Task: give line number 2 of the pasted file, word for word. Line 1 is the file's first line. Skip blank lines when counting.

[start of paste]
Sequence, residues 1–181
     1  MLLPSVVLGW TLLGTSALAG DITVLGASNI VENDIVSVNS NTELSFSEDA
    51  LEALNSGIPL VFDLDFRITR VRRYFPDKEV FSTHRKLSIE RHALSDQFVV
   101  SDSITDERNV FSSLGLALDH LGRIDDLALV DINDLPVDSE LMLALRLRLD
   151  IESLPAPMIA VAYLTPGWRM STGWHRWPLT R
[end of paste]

     1  MLLPSVVLGW TLLGTSALAG DITVLGASNI VENDIVSVNS NTELSFSEDA